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In a split vote, the Douglas County Board of Education directed the superintendent to compile recommendations to change the equity policy and present them in March.
During the Sept. 27 meeting, …
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In a split vote, the Douglas County School Board directed the superintendent to compile recommendations to change the equity policy and present them in March.
During the Sept. 27 meeting, the board voted 5-2 to officially waive a Sept. 1 deadline for Superintendent Erin Kane to recommend changes to the equity policy as laid out in a January resolution, so that Kane can gather input from parents, students and teachers throughout this year.
Board members Susan Meek and David Ray voted against the waiver, having voiced concerns about unclear language in the original resolution.
Board members have disagreed on how to move forward with the resolution, which was passed by members Becky Myers, Mike Peterson, Christy Williams and Kaylee Winegar earlier this year. In recent discussions, members Elizabeth Hanson, Meek and Ray have advocated for a monitoring report on the policy, while the other members support an implementation plan with potential changes based on community feedback.
As part of the Sept. 27 discussion, Ray proposed an amendment to the original resolution, which would have waived the deadline and directed the superintendent to conduct a monitoring report on the policy to examine implementation.
The amendment failed 4-3, with Myers, Peterson, Williams and Winegar dissenting, but sparked further discussion on how the district should approach the equity policy.
Ray said the idea behind the amendment was to focus on the impact of the policy and not the wording.
Hanson and Meek supported the amendment, with Meek saying she felt it addressed concerns about clarity while also respecting the intent of the resolution.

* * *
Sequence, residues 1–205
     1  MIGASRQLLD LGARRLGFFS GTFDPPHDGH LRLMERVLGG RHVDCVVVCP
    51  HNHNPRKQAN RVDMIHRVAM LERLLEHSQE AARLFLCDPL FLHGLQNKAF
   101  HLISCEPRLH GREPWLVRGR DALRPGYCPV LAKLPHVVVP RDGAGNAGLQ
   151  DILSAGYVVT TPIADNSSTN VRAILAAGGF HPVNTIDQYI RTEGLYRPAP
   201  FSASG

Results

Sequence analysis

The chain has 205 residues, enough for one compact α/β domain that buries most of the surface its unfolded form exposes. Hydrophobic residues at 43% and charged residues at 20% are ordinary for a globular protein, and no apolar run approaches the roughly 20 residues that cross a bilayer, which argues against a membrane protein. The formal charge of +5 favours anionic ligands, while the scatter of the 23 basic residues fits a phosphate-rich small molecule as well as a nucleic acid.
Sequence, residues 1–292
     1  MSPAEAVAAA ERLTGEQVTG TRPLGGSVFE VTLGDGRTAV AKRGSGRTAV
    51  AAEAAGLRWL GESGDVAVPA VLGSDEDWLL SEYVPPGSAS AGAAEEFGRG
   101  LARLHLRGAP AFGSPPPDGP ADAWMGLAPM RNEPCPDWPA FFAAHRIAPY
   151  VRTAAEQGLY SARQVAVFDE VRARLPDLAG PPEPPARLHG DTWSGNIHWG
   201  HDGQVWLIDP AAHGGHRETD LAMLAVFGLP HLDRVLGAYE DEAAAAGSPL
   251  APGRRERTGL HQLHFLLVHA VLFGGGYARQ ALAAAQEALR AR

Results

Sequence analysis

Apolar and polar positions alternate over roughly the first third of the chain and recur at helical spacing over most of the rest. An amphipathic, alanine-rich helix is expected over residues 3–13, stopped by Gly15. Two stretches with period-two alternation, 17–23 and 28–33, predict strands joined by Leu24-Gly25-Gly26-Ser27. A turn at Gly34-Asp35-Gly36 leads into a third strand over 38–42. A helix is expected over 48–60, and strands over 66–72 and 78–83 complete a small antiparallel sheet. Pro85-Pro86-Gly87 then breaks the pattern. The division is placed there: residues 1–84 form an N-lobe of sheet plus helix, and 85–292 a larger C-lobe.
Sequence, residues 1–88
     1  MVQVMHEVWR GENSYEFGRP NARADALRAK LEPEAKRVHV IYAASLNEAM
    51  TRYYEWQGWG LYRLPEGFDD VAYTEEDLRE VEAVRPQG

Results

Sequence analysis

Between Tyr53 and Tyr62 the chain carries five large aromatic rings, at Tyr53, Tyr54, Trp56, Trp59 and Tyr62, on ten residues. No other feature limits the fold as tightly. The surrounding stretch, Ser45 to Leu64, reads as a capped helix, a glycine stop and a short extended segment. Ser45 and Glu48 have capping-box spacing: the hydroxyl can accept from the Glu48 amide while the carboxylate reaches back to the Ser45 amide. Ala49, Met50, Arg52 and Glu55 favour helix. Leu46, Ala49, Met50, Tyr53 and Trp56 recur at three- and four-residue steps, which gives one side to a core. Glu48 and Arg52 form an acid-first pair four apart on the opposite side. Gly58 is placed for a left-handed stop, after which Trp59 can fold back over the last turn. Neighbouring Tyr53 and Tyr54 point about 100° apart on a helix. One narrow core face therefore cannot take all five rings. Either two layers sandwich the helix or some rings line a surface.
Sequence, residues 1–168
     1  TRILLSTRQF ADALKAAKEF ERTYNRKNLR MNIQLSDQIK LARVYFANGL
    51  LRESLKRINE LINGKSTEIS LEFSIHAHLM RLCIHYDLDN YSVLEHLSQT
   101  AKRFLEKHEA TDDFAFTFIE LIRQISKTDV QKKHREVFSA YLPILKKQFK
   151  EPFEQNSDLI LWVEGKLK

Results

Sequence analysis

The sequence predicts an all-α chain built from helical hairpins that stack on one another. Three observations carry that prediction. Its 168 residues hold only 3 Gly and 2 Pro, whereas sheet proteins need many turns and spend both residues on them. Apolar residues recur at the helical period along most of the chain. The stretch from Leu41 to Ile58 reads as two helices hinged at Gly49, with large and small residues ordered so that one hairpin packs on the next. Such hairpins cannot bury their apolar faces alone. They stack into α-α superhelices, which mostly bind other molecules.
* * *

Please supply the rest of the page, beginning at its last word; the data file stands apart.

“I ask my colleagues, if you truly believe students are being harmed through this policy, why would you refuse to take real action?” she said. “Why would you refuse to ask for a monitoring report that would demonstrate in an accountable way whether there is a true need to change language?”
In his comments, Peterson said he supported the original resolution without the amendment because the themes covered in the equity policy overlap with the district’s end goals, which are already monitored.
“I think we can include elements of this policy throughout our monitoring reports that support other goals,” he said.
Myers, Williams and Winegar also supported the original resolution. Winegar, who introduced the resolution in January, said she supported moving forward with Kane’s community engagement plan, presented on Sept. 13.
“When this resolution was drafted, we had a different superintendent that I felt wasn’t taking action and that’s a big reason why I was a proponent of it,” Winegar said. “Since then, a lot has happened and changed, and that’s why I’m OK with this date being waived. The superintendent has presented a plan on her interpretation of this resolution and I think it’s a great plan so I don’t agree with changing the current resolution.”
Myers said she believes the equity policy has similarites to critical race theory, adding she’d like to begin conversations.
“I’m comfortable with Superintendent Kane and us reaching out now more to the community, having some forums or one-on-one meetings with our community, but I would like to see a more diverse involvement from the community,” Myers said.
With the deadline waived, Kane is planning to start engaging the community on four central questions around implementation of the equity policy, including what people want to see happen, what fears they have, what questions they have and how to measure success of the policy.
Kane’s plan includes conversations with the district’s equity advisory council, staff, students and parents, as well as a presentation of her finding at the March 31 meeting.
The equity policy was enacted in 2019 and remains in effect as it was approved.
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